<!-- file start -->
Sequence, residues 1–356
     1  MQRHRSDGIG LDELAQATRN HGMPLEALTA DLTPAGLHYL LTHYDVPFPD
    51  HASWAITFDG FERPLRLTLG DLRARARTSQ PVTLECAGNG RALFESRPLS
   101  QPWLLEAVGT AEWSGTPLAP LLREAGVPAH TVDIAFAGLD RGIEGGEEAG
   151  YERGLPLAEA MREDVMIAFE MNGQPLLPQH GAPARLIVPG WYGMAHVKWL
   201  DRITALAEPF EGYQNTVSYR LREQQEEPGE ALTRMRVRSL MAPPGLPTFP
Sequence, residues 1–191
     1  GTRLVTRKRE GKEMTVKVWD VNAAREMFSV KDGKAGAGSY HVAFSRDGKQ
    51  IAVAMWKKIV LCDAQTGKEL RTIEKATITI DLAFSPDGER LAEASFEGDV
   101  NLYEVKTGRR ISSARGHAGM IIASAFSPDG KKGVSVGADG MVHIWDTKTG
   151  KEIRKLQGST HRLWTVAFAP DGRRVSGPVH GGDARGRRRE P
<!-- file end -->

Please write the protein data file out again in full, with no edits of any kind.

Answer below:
Sequence, residues 1–356
     1  MQRHRSDGIG LDELAQATRN HGMPLEALTA DLTPAGLHYL LTHYDVPFPD
    51  HASWAITFDG FERPLRLTLG DLRARARTSQ PVTLECAGNG RALFESRPLS
   101  QPWLLEAVGT AEWSGTPLAP LLREAGVPAH TVDIAFAGLD RGIEGGEEAG
   151  YERGLPLAEA MREDVMIAFE MNGQPLLPQH GAPARLIVPG WYGMAHVKWL
   201  DRITALAEPF EGYQNTVSYR LREQQEEPGE ALTRMRVRSL MAPPGLPTFP
Sequence, residues 1–191
     1  GTRLVTRKRE GKEMTVKVWD VNAAREMFSV KDGKAGAGSY HVAFSRDGKQ
    51  IAVAMWKKIV LCDAQTGKEL RTIEKATITI DLAFSPDGER LAEASFEGDV
   101  NLYEVKTGRR ISSARGHAGM IIASAFSPDG KKGVSVGADG MVHIWDTKTG
   151  KEIRKLQGST HRLWTVAFAP DGRRVSGPVH GGDARGRRRE P